Those passionate about improving things but without the wit to do it are the most dangerous humans on the planet. One sees this everywhere. Its most virulent form is the complex system. Solitary pursuits are the least affected.

Those most committed to improving whatever slice of life has seized their attention invariably turn to the government to force the public to alter their behavior, for their own good of course, such that the passion for betterment is satisfied. That these life-improvers think the government has this capability is a tribute to faith. Observation fails to find support for such governmental capacity.

Ask what services and functions the government does well and you’re likely to come up empty. There are few things that only the government should do even if they do so poorly. When you think carefully about what they are the list is likely to be short or the essential service is apt to be so badly mangled as to be worse than its absence.

Fighting wars with other countries should be the exclusive prerogative of the government. I won’t touch on the necessity of fighting a war. Regardless of the justification for battle, only the government should do the fighting. This monopoly on firepower is required even though the government is terrible at it. Wars are often started for bad reasons and end when one side loses. Military spending has so many ancillary benefits unrelated to combat that most of the funds spent on what’s laughably called defense is directed to corporate enrichment and employment for its workers and those who wear a uniform. The USA spends more on its military than the next eight of nine countries combined and all agree that it’s underfunded.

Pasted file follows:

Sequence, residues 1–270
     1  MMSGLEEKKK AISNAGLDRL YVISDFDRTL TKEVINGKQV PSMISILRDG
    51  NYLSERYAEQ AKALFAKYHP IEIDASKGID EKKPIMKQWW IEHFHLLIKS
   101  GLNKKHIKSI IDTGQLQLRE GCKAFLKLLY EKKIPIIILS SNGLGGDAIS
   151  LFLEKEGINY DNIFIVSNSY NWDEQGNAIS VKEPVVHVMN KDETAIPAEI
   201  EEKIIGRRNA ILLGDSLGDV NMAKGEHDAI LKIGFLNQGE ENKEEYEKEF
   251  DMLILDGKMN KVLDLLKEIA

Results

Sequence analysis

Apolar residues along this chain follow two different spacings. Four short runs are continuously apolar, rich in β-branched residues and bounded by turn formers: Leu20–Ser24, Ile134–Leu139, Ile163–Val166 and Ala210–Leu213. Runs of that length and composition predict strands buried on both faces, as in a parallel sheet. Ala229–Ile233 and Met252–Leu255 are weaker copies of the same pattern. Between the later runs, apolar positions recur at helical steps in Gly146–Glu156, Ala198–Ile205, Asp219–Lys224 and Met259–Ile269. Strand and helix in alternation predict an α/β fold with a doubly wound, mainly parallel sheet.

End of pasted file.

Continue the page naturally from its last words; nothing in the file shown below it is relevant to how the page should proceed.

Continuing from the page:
The above doesn’t include the myriad regulations that grow on any government enterprise like mold on outdated bread. Overregulation, however, is not limited to the military and those who feed off of it. It is an inevitable consequence of government no matter how organized or dedicated to liberty or authority.

That’s why another essential government service – protecting its citizens or anyone else within its borders from crime – is grounded in soft sand. I won’t bite at the poisoned apple that is borders. Governments cannot resist the impulse to write innumerable laws and rules that become so vast that no one can know what’s in them or even that they exist. Many, if not most, of these are rewards to donors or voters who will enrich or re-elect those who promulgated the rules. The Federal Register alone has more than 90,000 pages. The US Code has approximately 60,000 pages encompassing 54 volumes. I cannot tally how many state laws and local ordinances there are. We are engulfed in a universe of laws, rules, regulations, acts, proclamations, orders, and other ukases. No one is above the law and Ignorance of the law is no excuse are two trite vapidities that are meaningless when nobody knows what the law is or even if it exists. This legal excess gives prosecutors more power than is healthy in a ‘free’ society as they must select what offenses they will prosecute and those they will ignore.